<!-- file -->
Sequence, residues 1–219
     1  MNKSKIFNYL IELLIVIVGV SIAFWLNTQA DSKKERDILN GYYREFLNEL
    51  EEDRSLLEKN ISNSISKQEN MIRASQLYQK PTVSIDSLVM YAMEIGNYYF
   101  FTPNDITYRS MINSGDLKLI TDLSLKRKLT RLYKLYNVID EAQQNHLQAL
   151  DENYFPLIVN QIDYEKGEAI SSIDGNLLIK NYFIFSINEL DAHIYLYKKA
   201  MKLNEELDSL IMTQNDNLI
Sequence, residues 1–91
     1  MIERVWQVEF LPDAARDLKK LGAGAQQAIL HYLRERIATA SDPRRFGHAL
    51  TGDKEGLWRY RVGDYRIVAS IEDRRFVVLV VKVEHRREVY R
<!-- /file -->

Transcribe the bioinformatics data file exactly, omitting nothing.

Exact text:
Sequence, residues 1–219
     1  MNKSKIFNYL IELLIVIVGV SIAFWLNTQA DSKKERDILN GYYREFLNEL
    51  EEDRSLLEKN ISNSISKQEN MIRASQLYQK PTVSIDSLVM YAMEIGNYYF
   101  FTPNDITYRS MINSGDLKLI TDLSLKRKLT RLYKLYNVID EAQQNHLQAL
   151  DENYFPLIVN QIDYEKGEAI SSIDGNLLIK NYFIFSINEL DAHIYLYKKA
   201  MKLNEELDSL IMTQNDNLI
Sequence, residues 1–91
     1  MIERVWQVEF LPDAARDLKK LGAGAQQAIL HYLRERIATA SDPRRFGHAL
    51  TGDKEGLWRY RVGDYRIVAS IEDRRFVVLV VKVEHRREVY R